Torture in  [Peru]  [other countries]
Human Trafficking in  [Peru]  [other countries]
Street Children in  [Peru]  [other countries]
Child Prostitution in  [Peru]  [other countries]
 

Torture by Police, Forced Disappearance

& Other Ill Treatment

In the early years of the 21st Century                                                                                gvnet.com/torture/Peru.htm

Republic of Peru

Peru's economy reflects its varied geography - an arid coastal region, the Andes further inland, and tropical lands bordering Colombia and Brazil. Abundant mineral resources are found in the mountainous areas, and Peru's coastal waters provide excellent fishing grounds.

The Peruvian economy grew by more than 4% per year during the period 2002-06, with a stable exchange rate and low inflation. Growth jumped to 9% per year in 2007 and 2008, driven by higher world prices for minerals and metals and the government's aggressive trade liberalization strategies. Peru's rapid expansion has helped to reduce the national poverty rate by about 15% since 2002, though underemployment and inflation remain high.  [The World Factbook, U.S.C.I.A. 2009]

Description: Description: Peru

CAUTION:  The following links have been culled from the web to illuminate the situation in Peru.  Some of these links may lead to websites that present allegations that are unsubstantiated or even false.  No attempt has been made to validate their authenticity or to verify their content.

*** ARCHIVES ***

Torture in Peru

International Rehabilitation Council for Torture Victims (irct)

Developed in collaboration with the Psychosocial Care Centre (CAPS), July 2014

www.irct.org/Admin/Public/DWSDownload.aspx?File=%2fFiles%2fFiler%2fpublications%2fCountry+factsheets%2fCF+Peru+-+PUBLIC+EDIT+pdf.pdf

[accessed 23 June 2015]

Torture in Peru was systematic and occurred frequently in locations where the emergency services were based during the country’s years of internal armed conflict (1980-2000). Today torture continues and the fight against torture in the country suffers from significant deficiencies in all areas: prevention; access to justice; and rehabilitation. The inadequate definition of torture in national law, which is not in line with United Nations Convention Against Torture (UNCAT), leads to victims facing difficulties in accessing legal help. Compounding this is a lack of independence of the prosecution and judiciary, leading to impunity.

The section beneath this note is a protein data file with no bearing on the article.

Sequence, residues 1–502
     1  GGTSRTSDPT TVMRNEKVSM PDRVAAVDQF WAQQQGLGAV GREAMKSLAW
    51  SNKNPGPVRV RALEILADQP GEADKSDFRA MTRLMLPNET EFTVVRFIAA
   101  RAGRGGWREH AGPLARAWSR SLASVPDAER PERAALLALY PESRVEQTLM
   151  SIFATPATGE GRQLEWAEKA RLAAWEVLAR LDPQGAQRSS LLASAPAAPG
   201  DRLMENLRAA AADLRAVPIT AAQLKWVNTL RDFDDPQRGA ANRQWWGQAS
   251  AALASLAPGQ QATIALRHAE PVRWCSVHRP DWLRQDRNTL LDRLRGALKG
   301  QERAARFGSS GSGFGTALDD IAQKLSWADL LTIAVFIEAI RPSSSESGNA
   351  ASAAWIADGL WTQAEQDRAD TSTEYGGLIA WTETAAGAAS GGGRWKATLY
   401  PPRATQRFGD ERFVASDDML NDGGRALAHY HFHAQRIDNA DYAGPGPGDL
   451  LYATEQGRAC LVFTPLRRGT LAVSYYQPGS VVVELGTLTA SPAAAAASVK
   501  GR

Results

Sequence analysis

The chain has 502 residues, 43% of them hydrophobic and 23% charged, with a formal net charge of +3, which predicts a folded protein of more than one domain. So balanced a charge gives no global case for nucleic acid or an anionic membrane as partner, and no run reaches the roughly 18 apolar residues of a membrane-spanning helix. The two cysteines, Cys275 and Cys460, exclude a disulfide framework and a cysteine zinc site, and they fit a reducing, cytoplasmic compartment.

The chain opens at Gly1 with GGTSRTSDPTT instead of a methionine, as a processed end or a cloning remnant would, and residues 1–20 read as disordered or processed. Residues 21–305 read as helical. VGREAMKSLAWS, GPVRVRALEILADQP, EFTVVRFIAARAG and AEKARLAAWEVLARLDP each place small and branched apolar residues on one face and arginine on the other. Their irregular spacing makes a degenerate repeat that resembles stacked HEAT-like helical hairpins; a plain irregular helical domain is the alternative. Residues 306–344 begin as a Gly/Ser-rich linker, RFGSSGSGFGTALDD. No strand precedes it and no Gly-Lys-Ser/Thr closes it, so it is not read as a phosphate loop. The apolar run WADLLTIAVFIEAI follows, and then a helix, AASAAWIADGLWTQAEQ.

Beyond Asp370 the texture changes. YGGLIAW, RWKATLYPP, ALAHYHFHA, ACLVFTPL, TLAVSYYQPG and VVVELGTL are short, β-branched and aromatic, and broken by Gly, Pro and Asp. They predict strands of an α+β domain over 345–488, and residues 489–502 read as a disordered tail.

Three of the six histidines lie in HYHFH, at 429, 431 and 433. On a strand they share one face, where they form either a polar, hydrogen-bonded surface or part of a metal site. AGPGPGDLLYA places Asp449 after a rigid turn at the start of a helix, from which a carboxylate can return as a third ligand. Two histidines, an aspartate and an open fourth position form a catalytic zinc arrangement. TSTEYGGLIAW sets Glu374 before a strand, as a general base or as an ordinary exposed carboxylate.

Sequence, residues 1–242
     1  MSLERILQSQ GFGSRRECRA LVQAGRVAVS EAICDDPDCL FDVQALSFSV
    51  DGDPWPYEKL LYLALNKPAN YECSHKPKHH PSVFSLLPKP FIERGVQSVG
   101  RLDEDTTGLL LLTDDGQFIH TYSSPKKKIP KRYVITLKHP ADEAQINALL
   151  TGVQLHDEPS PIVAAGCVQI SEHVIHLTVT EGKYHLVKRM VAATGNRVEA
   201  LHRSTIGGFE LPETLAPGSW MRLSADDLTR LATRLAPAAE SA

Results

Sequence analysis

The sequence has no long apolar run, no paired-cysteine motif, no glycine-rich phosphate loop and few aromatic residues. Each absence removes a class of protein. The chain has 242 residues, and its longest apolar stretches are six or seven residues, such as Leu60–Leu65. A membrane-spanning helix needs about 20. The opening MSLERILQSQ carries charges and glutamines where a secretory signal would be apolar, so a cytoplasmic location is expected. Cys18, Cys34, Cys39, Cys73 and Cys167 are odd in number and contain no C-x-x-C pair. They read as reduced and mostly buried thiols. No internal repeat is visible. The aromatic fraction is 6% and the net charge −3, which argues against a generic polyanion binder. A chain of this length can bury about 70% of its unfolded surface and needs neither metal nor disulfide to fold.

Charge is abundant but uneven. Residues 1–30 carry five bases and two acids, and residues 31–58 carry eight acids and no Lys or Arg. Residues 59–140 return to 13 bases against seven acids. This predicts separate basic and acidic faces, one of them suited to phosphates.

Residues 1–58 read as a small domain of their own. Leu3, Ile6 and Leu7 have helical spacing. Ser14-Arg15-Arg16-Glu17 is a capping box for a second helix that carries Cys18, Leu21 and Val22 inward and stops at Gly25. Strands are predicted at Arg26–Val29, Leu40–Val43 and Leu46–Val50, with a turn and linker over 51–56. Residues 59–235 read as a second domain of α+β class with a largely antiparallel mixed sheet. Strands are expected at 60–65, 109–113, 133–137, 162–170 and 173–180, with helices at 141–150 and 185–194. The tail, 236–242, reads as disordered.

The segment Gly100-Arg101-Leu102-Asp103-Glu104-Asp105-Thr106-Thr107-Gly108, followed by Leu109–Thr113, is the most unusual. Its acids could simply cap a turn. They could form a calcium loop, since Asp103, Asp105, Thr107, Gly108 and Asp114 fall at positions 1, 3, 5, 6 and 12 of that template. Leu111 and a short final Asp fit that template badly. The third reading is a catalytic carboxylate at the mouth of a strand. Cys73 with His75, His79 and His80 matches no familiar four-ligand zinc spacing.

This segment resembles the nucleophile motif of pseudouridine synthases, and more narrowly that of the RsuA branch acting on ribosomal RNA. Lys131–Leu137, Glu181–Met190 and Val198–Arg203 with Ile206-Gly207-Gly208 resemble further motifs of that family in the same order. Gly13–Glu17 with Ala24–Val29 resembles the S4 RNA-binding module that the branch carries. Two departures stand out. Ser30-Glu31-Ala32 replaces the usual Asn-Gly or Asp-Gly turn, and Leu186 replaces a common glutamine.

Human Rights Watch World Report 2015 - Events of 2014

Human Rights Watch, 29 January 2015

www.hrw.org/world-report/2015/... or download PDF at  www.hrw.org/sites/default/files/wr2015_web.pdf

[accessed 18 March 2015]

PERU

TORTURE - Congress took a significant step in 2014 to combat torture, which continues to be a chronic problem in Peru. In June, it approved a bill mandating the human rights ombudsman to implement the National Preventive Mechanism against Torture (NPM), in fulfillment of Peru’s obligations under the Optional Protocol to the Convention against Torture and Other Cruel, Inhuman or Degrading Treatment (OPCAT), which it ratified in 2006. The bill requires the ombudsman, inter alia, to visit and monitor conditions in prisons and detention centers without prior announcement, make proactive and preventive recommendations, and publish an annual report.

Forensic Team Tracks Disappeared Peruvians as Fujimori Returns to Face Justice

Marga Lacabe, AdvocacyNet, News Bulletin 122, Lima, Peru and Washington, DC, October 3, 2007

desaparecidos.org/notas/2007/10/forensic-team-tracks-disappear.html

accessed 24 February 2015]

A Peruvian team of forensic scientists is insisting that the Peruvian government hand-over authority to civil society to locate and identify thousands of Peruvians who went missing during two decades of internal conflict.

EPAF has documented more than 13,000 disappearances – almost 4,000 more than the estimate of the 2003 Peruvian Truth and Reconciliation Commission – and warned that the number will continue to rise.

Mr Baraybar said that most of the missing had been kidnapped by the Peruvian security forces, which used disappearances in their counter-insurgency operations and even wrote the practice into manuals.

The Truth and Reconciliation Commission estimated in 2003 that more than 69,000 Peruvians had died in the violence and at least 8,500 had disappeared. According to the Commission, most of those missing were poor, Quechua-speaking Indians. Almost half lived in the Department of Ayacucho.

The state of the world's human rights

Amnesty International AI, Annual Report 2013

www.amnesty.org/en/region/peru/report-2013